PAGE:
Light as a Feather
For wildlife specialist Kaisa Lappalainen, it was a trip of nice surprises. “I’d never shot wildlife in the Danube Delta before,” she explains, “so it was really interesting to see it with my own eyes. It’s very much like the Okavango Delta in Botswana, and because you have to travel in a boat, and because so many of the bird species were the same, it actually felt like I was back in Africa.”
© Kaisa Lappalainen | Sony RX10 IV | 560mm| 1/1000s @ f/4.0, ISO 400
Usually a Sony α9 user, this time she shot exclusively with the RX10 IV. “It was fantastic,” she tells us, “it’s so light, it’s silent, and whatever conditions or light I shot in, it did the job really well. It’s an excellent package for bird photography.”
© Kaisa Lappalainen | Sony RX10 IV | 600mm| 1/1000s @ f/4.0, ISO 250
So what took her on the trip to Romania? “In Spring, the Danube Delta is an important stopping point for migrating birds,” explains Kaisa, “we saw about 115 species during the week I was there. Some of the birds will just have a stopover and then continue into the rest of Europe, but some of them will stay and nest. It’s amazing to realise that there is this kind of wilderness in Europe, so close to big cities, but also so wild.”
© Kaisa Lappalainen | Sony RX10 IV | 585mm| 1/1000s @ f/4.0, ISO 500
Fieldcraft skills are incredibly important in Kaisa’s work, and although she’s an accomplished safari tour leader, it was also crucial that she enlisted the help of a local guide who knows when and where species are to be found. “Without a local guide,” she says, “you can easily miss opportunities. So for instance we were lucky to get an amazing sunset one night, and a misty, colourful sunrise the next morning. We knew we had to make the most of it, and the guide put me in the right place at the right time.”
Being at the right place at the right time is all well and good, but she still needed the right gear to make the most of it.
© Kaisa Lappalainen | Sony RX10 IV | 600mm| 1/2000s @ f/4.0, ISO 250
The all-in-one versatility of the RX10 IV’s 24-600mm zoom lens really helped with these shots, letting Kaisa shoot wider for a more environmental feel. “It can be easy to gravitate to the RX10 IV’s huge magnification at 600mm,” she explains, “but for this shoot I wanted to look for subjects in the landscape, too. At 24mm that’s easy, and I was also able to react quickly when I needed to change composition. With the RX10 IV I can get landscapes, portraits and action shots, all with the same small camera, rather than having to switch bodies and lenses. It’s a huge weight saving for me!”
© Kaisa Lappalainen | Sony RX10 IV | 170mm| 1/3200s @ f/5.6, ISO 400
Size and weight is a huge concern for Kaisa, and knowing she can get pro-quality shots from such a small camera has opened up all sorts of possibilities. “Airline weight limits can of course be quite strict,” she explains, “especially on smaller flights which go to the wild places I do. With my full gear, sometimes they won’t even let me in the plane! And lightness means you can walk or bike further, too. Even when I’m not going out specifically to work I can take the RX10 IV, and if there’s an opportunity I’ve got a 600mm lens in my pocket!”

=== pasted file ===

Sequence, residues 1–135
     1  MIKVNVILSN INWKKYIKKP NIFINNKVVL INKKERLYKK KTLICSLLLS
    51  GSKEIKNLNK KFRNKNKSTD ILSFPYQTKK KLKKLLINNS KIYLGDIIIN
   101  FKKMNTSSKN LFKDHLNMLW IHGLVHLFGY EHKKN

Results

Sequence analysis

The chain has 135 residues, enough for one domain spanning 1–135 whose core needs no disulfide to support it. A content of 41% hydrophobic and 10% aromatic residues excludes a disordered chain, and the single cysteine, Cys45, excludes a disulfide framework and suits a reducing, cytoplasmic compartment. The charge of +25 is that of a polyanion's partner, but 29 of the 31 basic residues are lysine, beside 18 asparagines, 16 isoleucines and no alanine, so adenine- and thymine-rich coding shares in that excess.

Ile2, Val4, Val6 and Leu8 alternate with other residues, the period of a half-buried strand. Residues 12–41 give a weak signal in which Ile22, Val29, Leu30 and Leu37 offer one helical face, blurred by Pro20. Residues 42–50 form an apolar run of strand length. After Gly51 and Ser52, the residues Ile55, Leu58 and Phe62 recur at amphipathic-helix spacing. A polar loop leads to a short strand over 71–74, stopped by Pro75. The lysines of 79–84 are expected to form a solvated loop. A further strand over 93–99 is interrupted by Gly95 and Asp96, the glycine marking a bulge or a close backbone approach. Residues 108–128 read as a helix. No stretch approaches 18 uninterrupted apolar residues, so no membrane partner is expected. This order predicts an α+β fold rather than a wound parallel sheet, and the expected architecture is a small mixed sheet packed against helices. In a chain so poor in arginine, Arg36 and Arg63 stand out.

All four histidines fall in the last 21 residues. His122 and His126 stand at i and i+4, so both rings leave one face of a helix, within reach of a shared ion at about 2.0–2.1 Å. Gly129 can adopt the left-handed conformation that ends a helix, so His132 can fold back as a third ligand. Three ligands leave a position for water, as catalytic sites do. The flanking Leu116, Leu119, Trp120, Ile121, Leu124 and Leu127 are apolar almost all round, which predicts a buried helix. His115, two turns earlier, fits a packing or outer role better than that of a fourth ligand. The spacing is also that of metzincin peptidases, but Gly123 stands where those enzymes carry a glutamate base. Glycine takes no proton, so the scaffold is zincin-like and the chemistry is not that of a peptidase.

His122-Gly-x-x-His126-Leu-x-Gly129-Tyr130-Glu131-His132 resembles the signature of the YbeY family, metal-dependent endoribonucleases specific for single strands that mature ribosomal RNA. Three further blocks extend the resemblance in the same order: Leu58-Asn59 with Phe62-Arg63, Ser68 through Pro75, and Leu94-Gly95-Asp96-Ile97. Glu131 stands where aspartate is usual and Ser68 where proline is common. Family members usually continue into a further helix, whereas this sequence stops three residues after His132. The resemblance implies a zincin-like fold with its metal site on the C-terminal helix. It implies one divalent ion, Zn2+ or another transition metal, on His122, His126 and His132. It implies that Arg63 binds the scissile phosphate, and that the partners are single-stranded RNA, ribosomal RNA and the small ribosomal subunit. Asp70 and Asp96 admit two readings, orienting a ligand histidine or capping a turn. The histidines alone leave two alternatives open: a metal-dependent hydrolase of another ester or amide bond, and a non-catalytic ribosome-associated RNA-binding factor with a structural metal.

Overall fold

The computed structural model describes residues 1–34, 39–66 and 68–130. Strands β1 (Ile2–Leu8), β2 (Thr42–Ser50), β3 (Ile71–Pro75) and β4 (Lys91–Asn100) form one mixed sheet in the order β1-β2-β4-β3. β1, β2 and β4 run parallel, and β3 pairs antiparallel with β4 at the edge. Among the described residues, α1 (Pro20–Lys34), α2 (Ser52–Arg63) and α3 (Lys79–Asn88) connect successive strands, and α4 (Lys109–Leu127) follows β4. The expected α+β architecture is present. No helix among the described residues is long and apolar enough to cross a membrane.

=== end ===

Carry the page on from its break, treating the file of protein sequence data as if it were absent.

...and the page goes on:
When it does come to shooting at the long end, the RX10 IV has all the reach you’re likely to need, says Kaisa, as well as built-in image stabilisation to shoot with confidence at those huge magnifications, so you can expect every feather to be perfection.
© Kaisa Lappalainen | Sony RX10 IV | 600mm| 1/800s @ f/4.0, ISO 160
“I was really surprised at the incredible detail,” she confesses, “it really blew my mind that you can get these kinds of closeups with such a small and affordable camera.”
As a regular user of Sony’s α9, Kaisa is used to high performance and speed, so how does the RX10 IV compare? “The images were pin sharp,” she laughs. “With birds taking off and doing quick turns you can always tell the worth of a camera, and the focus stayed right on them. I was using pretty much the same AF setup as I use on my α9, so for moving subjects, or shooting from a boat, it’s continuous tracking all the way,” she explains, “but when waiting in a hide for the kingfishers to land on a branch, it’s more about prefocusing. With a frame rate of 24fps, I can track a bird as it takes off and flies, and know I can pick the best moment.”
© Kaisa Lappalainen | Sony RX10 IV | 600mm| 1/1600s @ f/4.0, ISO 200
While the fieldcraft of lying in wait for hours in the rain, or crouching in a ghillie suit to remain undetected can put a strain on your body, says Kaisa, the RX10 IV coped perfectly with the conditions. “At this time of year in the Danube Delta it’s supposed be maybe 20˚C, but when we got there it was raining and snowing,” she chuckles, “but the RX10 IV is weather sealed. In the beginning I wondered if it could cope with the harsh conditions, but it stood up to whatever I threw at it!”
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Capturing endangered species in their natural habitat is something that drives me. I know that the animals or the habitats might not be there for the next generations. That makes it even more important to share the images from our beautiful planet and its different environments.